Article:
Sun 8 Aug 2010
Tags: Armour, Deay, Dunlap, Moore, Scholefield
Scholefield Family Tree
When attempting to verify the hypothesis that Michael Moore who married Jane Dunlap and Jacob Moore who married Ann Armour were brothers, I’ve run across one of the hurdles that genealogists have to consider: Where does one take that leap in order to state that a person with different spellings of a name are actually the same person?
For example: Could Hannah and Annatje be the same person?
I previously located information that Michael Moore who married Jane Dunlap was born in 1753.1
A search for him at Familysearch.org turns up a report that he was christened on 14 Mar 1753 and his parents were Michel Moore and Annatje Deaij.2
An internet search using this alternate spelling of Michael and the name Annatje turns up a similar result at Olive Tree Genealogy. It provides a bit more information: Date: 1753 Mar 14; Parents: Michel Moore, Annatje Deay; Child: Michel; Witnesses: Francis Moore, Hester Deay, h.v. [wife of] Van Joseph Forbes.3
So, I have a Michael who is the son of Michel and Annatje and a Jacob who is the son of Micheal and Hannah. The two were born six years apart, so I know I am not dealing with a son. Could there be two Micheals of the same generation? Sure, there could be. They could be cousins. But why would children of Michael (Jr) and Jacob be named together in a lawsuit that does not yet appear to go back an additional generation if they weren’t siblings?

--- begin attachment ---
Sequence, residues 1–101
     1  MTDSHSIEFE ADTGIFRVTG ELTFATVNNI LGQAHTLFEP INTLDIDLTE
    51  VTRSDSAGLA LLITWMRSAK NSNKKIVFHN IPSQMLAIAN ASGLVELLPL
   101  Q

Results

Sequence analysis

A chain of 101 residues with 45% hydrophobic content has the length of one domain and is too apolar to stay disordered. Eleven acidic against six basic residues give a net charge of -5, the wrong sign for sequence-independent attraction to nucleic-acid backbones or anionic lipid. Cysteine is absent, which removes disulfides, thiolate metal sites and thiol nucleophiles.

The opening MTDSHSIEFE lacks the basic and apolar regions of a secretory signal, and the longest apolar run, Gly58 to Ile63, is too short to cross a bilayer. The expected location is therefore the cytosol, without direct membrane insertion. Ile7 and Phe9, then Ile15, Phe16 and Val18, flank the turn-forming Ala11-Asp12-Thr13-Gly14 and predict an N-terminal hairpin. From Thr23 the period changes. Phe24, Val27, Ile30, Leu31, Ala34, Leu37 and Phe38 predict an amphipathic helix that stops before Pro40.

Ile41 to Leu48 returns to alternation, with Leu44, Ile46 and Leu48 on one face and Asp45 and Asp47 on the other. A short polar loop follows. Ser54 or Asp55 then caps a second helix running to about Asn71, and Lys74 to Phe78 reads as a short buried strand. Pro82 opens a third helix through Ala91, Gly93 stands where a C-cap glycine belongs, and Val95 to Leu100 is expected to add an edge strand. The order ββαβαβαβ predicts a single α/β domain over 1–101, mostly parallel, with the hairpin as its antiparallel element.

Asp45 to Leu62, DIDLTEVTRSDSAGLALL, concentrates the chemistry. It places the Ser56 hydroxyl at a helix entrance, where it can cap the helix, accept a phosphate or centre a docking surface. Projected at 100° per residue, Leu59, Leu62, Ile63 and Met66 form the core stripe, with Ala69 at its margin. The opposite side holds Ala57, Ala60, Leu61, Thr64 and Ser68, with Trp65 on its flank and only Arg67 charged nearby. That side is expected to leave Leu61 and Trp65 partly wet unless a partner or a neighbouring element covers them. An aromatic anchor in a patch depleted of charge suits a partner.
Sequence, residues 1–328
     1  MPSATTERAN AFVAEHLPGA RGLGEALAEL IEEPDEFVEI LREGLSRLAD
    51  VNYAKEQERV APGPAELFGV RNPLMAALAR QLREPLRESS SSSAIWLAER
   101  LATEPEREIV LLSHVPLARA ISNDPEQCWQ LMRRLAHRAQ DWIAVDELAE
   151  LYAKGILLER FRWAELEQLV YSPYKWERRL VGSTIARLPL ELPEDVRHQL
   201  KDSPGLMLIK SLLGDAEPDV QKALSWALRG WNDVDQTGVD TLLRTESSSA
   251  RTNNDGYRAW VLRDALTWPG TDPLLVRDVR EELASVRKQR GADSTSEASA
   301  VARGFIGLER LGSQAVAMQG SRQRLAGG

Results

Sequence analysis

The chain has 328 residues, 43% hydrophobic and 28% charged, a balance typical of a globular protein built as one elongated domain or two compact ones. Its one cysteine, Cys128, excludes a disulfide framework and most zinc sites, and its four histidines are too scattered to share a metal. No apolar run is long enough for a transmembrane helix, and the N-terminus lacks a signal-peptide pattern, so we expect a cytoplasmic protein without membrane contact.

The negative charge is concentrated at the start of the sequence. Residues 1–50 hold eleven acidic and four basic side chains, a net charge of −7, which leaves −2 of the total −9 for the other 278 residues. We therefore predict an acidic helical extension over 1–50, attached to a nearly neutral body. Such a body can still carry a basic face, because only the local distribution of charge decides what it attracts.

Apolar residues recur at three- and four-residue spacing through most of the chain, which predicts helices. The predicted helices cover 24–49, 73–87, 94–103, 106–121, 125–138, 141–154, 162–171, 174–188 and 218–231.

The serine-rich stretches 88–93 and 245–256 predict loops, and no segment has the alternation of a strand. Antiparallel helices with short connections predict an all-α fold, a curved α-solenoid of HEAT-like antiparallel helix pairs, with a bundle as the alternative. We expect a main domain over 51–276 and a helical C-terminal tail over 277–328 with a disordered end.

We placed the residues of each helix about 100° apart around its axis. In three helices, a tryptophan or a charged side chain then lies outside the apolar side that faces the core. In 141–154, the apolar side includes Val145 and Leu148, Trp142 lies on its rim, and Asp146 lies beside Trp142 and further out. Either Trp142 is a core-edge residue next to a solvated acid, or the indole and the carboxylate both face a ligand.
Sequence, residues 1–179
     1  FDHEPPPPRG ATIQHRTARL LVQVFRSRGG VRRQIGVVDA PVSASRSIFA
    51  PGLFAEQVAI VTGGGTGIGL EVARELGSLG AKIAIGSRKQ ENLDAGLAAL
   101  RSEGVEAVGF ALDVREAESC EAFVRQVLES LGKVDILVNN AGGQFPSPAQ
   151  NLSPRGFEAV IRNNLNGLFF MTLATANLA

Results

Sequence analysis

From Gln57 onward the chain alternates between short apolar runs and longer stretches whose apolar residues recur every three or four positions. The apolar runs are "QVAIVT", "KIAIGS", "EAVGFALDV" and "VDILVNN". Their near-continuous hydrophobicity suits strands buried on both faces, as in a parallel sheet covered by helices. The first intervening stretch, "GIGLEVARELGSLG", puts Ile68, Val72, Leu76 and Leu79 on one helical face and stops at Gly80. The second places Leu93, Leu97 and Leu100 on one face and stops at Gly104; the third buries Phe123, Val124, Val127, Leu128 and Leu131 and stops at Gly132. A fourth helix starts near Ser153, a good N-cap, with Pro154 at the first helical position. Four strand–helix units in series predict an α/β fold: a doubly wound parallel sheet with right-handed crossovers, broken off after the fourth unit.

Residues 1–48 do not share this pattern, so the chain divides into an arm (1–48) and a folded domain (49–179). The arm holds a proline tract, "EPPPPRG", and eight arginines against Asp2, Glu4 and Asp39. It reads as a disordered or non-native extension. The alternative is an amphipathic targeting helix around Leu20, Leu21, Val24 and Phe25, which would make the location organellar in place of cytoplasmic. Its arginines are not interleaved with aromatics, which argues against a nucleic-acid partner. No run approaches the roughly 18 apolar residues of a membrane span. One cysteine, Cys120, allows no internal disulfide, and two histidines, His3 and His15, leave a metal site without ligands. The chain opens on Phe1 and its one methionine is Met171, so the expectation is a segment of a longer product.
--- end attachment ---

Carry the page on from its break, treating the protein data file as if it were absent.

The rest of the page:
I know that I can combine Annatje and Hannah (and again, if I were doing offline research, I’d need to check other resources just in case). I can do this because the Dutch name Annatje was Americanized to Hannah. If you want to check this out for yourself, do a web search for the two names and you will find all sorts of references that show the name Hannah in parentheses or quotation marks next to the Dutch name. If you ever see two names and wonder if they could be nicknames, pet names, or alternate names, try both in a search to see what you find. If they never appear next to each other, then they likely aren’t used in the way that you hoped. Sometimes your search will even turn up a website that lists associated names and you can consider it a slam dunk.
1. See post dated 31 Jul 2010.
2. The Church of Jesus Christ of Latter-day Saints [LDS], “International Genealogical Index,” database, FamilySearch (http://www.familysearch.org : accessed 8 Aug 2010), North America Region, entry for Michael Moore, christened 14 Mar 1753, New York, New York, New York; citing FHL microfilm 0,822,730 (Patron ordinance submission sheets, 1969-1991), batch no. 7309337.
3. Lorine McGinnis Schulze, The Olive Tree Genealogy (http://www.olivetreegenealogy.com : accessed 8 Aug 2010), New Amsterdam (New York City) New York Reformed Dutch Church Baptisms, entry for Michel Moore, baptized 14 Mar 1753; citing original transcriptions by Ted Brassard.